Nichols' Opera House

186 Greenwood Avenue,
Bethel, CT 06801

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Hemingway862
Hemingway862 on April 15, 2009 at 9:07 am

Hi Folks,

We are the Center for new Media and the Arts, opening on the 2nd floor of the Opera House. My name is stephen and my business partner’s name is Brian. we’d like to invite everyone to our Grand Opening on saturday, May 2nd at 6:00 p.m. We believe our First Selectman, Bob Burke will be cutting a ribbon to mark the occasion of the arts coming back to the historic Opera house.

Our web address is here: www.dv-arts.com, ph.: 203-797-1786

shoeshoe14
shoeshoe14 on January 31, 2009 at 12:24 am

The News-Times has an article today with a great nice sunny pic of the new tenants of the top floor of The Opera House Cafe, The Center for New Media and the Arts, in 2100 square feet. It has 16 windows measuring 9 feet high and the historical society mentions the place’s past functions, such as, “social hall, vaudeville, roller skating rink, pool hall, drug store, car dealership and silent movie theater.

rsalters (Ron Salters)
rsalters (Ron Salters) on June 25, 2007 at 7:28 pm

The Nichols Opera House in Bethel is listed in the 1897-98 edition of the Julius Cahn Official Theatrical Guide. They list it as “Nichols Opera House” rather than “Nichols' ”. The Manager was J.F. Nichols; the seating capacity was 460. Ticket prices ranged from 25 cents to 50 cents. The theatre was on the ground floor and it had gas illumination. The proscenium opening was 18 feet wide X 11 feet high, and the stage was 20 feet deep. There were 3 members of the house orchestra. Local hotels were Peat’s Hotel and the Fox Hotel; local paper was the Daily News. The 1897 population of Bethel was 4,000.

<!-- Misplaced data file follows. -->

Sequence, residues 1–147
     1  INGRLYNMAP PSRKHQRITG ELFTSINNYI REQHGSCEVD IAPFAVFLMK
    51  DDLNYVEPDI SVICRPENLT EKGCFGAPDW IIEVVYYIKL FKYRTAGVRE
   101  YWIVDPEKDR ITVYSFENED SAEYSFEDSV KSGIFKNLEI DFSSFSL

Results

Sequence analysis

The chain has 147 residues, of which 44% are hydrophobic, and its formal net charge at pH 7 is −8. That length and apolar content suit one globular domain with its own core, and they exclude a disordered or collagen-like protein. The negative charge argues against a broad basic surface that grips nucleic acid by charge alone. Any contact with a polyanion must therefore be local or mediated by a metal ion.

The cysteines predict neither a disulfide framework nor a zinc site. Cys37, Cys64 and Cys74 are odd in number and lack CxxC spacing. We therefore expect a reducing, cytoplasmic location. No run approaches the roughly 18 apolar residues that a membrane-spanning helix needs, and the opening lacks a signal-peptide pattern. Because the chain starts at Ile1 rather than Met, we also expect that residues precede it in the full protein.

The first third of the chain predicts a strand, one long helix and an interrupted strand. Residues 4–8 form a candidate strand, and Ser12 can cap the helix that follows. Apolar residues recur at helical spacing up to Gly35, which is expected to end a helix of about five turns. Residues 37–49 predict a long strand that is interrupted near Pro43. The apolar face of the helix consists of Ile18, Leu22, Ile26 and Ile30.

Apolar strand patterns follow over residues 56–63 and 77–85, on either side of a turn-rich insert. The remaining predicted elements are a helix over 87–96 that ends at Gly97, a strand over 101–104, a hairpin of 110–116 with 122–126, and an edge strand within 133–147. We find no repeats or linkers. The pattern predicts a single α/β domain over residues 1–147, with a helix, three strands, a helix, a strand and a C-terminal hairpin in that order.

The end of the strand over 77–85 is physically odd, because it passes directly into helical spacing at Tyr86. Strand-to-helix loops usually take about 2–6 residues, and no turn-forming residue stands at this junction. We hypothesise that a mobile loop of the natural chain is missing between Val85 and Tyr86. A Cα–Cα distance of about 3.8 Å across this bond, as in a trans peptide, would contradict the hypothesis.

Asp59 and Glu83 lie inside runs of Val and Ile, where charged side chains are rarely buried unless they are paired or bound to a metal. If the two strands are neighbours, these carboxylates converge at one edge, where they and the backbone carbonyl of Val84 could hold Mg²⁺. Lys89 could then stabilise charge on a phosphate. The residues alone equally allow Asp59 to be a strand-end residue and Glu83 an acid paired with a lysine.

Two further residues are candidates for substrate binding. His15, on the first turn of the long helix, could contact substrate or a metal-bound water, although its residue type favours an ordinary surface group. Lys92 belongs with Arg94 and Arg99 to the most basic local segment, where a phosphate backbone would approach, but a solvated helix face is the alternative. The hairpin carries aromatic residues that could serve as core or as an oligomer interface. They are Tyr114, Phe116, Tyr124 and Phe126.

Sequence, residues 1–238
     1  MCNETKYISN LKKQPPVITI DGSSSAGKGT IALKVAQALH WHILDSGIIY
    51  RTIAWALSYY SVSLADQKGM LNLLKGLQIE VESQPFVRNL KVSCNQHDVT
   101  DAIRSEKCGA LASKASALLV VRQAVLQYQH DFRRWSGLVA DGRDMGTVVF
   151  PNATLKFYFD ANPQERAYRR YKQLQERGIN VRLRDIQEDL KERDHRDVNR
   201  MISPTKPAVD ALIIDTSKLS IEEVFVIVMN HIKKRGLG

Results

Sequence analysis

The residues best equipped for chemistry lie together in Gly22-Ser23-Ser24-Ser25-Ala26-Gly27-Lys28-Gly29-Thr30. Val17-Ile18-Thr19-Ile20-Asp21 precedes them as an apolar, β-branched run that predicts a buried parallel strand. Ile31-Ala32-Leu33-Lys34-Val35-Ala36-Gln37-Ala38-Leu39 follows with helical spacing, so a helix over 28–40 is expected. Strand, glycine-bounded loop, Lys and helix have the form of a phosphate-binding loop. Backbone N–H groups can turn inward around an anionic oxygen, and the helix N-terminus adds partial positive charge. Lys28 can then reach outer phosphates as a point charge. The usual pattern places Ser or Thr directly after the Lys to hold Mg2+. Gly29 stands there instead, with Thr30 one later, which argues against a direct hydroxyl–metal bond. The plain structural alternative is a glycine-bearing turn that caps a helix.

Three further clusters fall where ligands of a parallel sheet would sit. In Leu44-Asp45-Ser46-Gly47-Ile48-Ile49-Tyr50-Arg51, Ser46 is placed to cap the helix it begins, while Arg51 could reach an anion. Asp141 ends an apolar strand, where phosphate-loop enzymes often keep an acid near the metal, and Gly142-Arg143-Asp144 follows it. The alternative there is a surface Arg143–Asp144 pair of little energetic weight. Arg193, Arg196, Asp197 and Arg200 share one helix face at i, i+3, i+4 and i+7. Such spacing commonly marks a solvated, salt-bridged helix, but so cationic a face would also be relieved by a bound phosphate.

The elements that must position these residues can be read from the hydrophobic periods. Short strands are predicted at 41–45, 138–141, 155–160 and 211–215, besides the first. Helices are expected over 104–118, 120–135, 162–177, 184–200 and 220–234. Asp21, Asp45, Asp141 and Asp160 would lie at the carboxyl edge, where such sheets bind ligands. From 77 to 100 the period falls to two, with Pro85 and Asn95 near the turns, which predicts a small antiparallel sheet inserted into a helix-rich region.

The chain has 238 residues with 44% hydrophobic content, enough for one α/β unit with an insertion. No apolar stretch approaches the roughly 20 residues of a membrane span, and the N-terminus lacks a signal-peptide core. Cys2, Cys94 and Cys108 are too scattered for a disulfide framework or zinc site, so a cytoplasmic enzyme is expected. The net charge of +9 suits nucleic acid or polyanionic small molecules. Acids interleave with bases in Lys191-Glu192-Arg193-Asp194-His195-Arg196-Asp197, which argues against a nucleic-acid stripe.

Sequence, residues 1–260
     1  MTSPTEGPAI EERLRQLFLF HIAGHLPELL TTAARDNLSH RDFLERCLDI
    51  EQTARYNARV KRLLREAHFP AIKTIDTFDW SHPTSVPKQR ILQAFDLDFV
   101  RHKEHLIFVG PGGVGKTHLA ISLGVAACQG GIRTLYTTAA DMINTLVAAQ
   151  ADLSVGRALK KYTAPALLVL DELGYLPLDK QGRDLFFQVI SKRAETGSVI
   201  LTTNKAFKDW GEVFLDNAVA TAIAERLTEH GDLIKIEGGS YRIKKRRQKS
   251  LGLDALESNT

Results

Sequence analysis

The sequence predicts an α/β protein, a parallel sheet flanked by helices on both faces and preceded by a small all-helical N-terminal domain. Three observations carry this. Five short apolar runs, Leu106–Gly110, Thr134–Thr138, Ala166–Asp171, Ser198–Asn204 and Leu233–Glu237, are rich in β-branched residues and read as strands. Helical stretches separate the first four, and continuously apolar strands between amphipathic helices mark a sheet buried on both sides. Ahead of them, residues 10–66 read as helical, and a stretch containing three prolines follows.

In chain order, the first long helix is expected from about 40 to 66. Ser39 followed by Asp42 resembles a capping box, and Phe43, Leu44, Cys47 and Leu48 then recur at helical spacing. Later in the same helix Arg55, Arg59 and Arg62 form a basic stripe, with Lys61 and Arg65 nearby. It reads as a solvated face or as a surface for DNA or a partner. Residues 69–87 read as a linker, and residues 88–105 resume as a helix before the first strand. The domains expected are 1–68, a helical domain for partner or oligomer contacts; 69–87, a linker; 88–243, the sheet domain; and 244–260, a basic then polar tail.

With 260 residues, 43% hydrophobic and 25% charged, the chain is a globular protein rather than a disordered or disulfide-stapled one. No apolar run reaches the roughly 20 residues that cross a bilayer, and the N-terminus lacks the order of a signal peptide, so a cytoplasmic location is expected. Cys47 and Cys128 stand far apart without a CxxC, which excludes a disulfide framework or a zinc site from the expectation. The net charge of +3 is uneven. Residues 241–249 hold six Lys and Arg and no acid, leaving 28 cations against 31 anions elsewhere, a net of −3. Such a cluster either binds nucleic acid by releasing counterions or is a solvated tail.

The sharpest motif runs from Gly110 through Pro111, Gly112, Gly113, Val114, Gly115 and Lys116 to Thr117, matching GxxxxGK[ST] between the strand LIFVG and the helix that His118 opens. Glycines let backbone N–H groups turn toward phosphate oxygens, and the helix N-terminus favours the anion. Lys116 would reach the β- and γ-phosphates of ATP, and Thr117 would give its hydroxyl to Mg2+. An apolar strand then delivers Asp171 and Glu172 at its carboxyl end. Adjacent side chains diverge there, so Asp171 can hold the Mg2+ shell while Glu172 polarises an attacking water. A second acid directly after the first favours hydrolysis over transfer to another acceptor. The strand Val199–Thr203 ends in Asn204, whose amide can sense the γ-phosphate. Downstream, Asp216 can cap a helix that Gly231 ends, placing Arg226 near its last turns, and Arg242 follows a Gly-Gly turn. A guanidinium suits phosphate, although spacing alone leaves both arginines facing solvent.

shoeshoe14
shoeshoe14 on January 31, 2007 at 10:46 pm

An excerpt from the Danbury News-Times in 1973 presented this information, and was printed in “History of Bethel”, 1759-1976, Pp.48-9. (call number 974.69)

This was also known as Nick’s Opera House. It showed silent movies on the 2nd floor and minstrels, vaudeville and community choruses were presented. Former town historian Ed Gallagher played piano to the movies (which cost 10 cents) and Ron Taylor ran the projector.

shoeshoe14
shoeshoe14 on January 31, 2007 at 10:42 pm

The usage – Greenwood’s restaurant and bar is located on the bottom right with an outdoor patio. Upstairs, it’s a boarding house, with rents ranging from weekly to monthly.

shoeshoe14
shoeshoe14 on July 8, 2005 at 9:01 pm

Bethel is celebrating their 150th anniversary next week and there’s a whole series of articles in this week’s paper and online. They did mention that this “Opera House” was built in Italian Vernacular and was never “really” an opera house but that it was called one because people were looking for entertainment. Apparently, now it’s known as the Opera House cafe and restaurant. There was a piano player in the middle of the roller rink.

shoeshoe14
shoeshoe14 on February 12, 2005 at 6:36 am

The 1919 Danbury/Bethel City Directory has it showing motion pictures and in 1921 there is no longer a theater there.

shoeshoe14
shoeshoe14 on February 8, 2005 at 11:40 pm

its current use is a restaurant/pub on the ground floor called Greenwoods and the top floor rents rooms.